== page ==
August 10th, 2016

Playing Victim

Harrison Reed, PA-C

Harrison Reed, PA-C, practices emergency medicine in Las Vegas, NV.

You are sick of hearing it, but we need to talk about this one more time. By the end you might be angry or frustrated; you might even hate me a little. That’s OK. It’s worth it.

America’s opioid epidemic is nothing less than a crisis. I could bury you under CDC statistics but I think the numbers have lost meaning. After all, the evidence is probably not far from where you are reading this right now. It is cold and hard and lying on a stretcher in the emergency department, in a cooler in the morgue, or in a nearby house sprawled on the bathroom floor.

And while that truth is harsh and tragic, we have compounded it with a second insult. We, a healthcare workforce of medical professionals, have decided to deflect blame and cast ourselves as the victims.

While researching the opioid epidemic for a recent editorial, I ran across the same narrative over and over again. Whether it is social media or popular blogs (or this Medscape post), the refrain is the same: they made us do this.

pills-506222802First, let’s get everyone on the same page. Opioid use, both illicit and prescribed, has skyrocketed over the past 15 years. Compelling evidence from the CDC suggests that many people currently addicted to illicit opioids like heroin began with prescription drugs, and a trend in increased prescriptions has coincided with an explosion in overdose deaths. This year, the CDC updated its recommendations to take a scientific stance on long-term opioid prescriptions: there is little to no compelling evidence of long-term efficacy and a plethora of proof of significant harm.

Now the waters get murky. Many clinicians will protest that they are subject to much larger forces driving the opioid prescribing epidemic. The general explanation goes like this: federal mandates from the Centers for Medicare and Medicaid Services (CMS) have linked reimbursement for healthcare services to specific scores and standards. To evaluate these standards, CMS employs companies like Press Ganey—in what has become a multibillion-dollar industry—to survey patients about their experiences. Among other topics, these surveys place a high emphasis on pain. After all, the Joint Commission told us this was the “fifth vital sign,” right?

Facing financial and administrative pressures, time and resource-crunched clinicians have had no choice but to appease the growing demand for pain control with the use of opioid drugs. The expectation of the patient is to be pain-free, and the expectation of the payer and the employer is a satisfied patient. The prescriber is merely surviving in an environment that has him practicing with a proverbial gun to his head.

Sound familiar?

I don’t dispute this logic or the truth it holds. There are major forces at work in our industry that make doing the right thing very difficult. But if we hide behind that shield, or worse, use it to absolve ourselves of all blame, then we are confessing to a voluntary violation of our deepest principles.

We made no promises to pharmaceutical companies. We swore no allegiance to Press Ganey or survey scores. We pledged nothing to financial viability or industry business models.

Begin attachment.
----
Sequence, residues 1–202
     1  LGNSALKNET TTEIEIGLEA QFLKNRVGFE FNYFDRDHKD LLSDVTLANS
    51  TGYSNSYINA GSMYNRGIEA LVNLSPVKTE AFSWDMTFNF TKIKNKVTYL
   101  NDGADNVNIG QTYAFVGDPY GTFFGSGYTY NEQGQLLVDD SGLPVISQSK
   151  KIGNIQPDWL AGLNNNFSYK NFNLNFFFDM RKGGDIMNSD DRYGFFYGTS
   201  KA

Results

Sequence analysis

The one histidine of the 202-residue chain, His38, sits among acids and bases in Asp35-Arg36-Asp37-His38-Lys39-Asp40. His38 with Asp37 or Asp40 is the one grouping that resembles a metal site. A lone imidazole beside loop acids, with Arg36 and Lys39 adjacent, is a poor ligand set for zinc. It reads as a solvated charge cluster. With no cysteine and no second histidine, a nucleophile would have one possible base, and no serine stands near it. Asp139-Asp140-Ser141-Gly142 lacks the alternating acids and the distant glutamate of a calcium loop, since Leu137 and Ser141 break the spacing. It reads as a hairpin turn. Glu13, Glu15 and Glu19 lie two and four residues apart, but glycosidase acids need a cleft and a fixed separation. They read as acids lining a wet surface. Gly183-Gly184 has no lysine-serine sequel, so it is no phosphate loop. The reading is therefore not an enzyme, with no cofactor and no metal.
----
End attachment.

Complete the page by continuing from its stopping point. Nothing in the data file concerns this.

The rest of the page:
But every physician and PA stood in a room somewhere, in front of mentors and peers and family, and took an oath to above all else protect our patients, to do them no harm. When we prioritize financial reimbursement or job security, we betray the purpose we were meant to serve.doctors with patient

There is plenty of blame to share with others, and the easiest choice is to point fingers, change the subject, and carry on. But let the other parties scramble for moral cover. Let the Joint Commission renounce the fifth vital sign and let those who have never held a crying widow obsess over arbitrary performance measures. We need not do the same.

We are highly educated, financially secure, outspoken professionals. We can do more than complain about patient surveys. We can do more than moan about the injustices of a system that has brought us so many rewards. We can stand for something bigger than the self-interest that others rush to protect.

But first, we need to stop playing victim.

There are real victims in this tragedy. They are the patients with chronic pain who think narcotic dependence is the pinnacle of medical care. Or they are in comas from which they will never wake. Or they died alone. Or they buried their children.

We can play a different role. We can become leaders for a solution. We can change our prescribing culture. We can open a dialogue with hospital leaders. We can contact our government representatives and force them to listen.

But as long as we deny our part in the problem, we won’t be able to embrace our role in the solution. And in this epidemic, that denial is lethal.

28 Responses to “Playing Victim”

  1. Kinich Gatsky says:


    The issue is obviously very important, but this should have been written as a call to action, minus the biased sanctimony.

    You have decided to call out doctors for blaming others on the basis of… social media and a medscape article? What does this contribute to a complicated and nuanced problem that requires a multifaceted intervention?

    This should be revised to include more substantive content, and less ad hoc outrage.

    • Harrison Reed says:


      This blog serves as a very specific response to clinicians’ (please note I am addressing everyone with prescriptive authority, not just physicians) denial of contribution to the current opioid crisis or of the emphasis of blame on third parties. I wrote a more comprehensive editorial on the topic (linked in the above blog) and I hope you will take the time to read that one as well. Here is the link again:

      In it I reference an Ohio poll that shows the vast majority of physician respondents admit to feeling pressured by outside influence to prescribe more pain medication. While I admit this is less than scientific methodology, it certainly points to a very real vulnerability to modify our actions as clinicians based on the influence of others.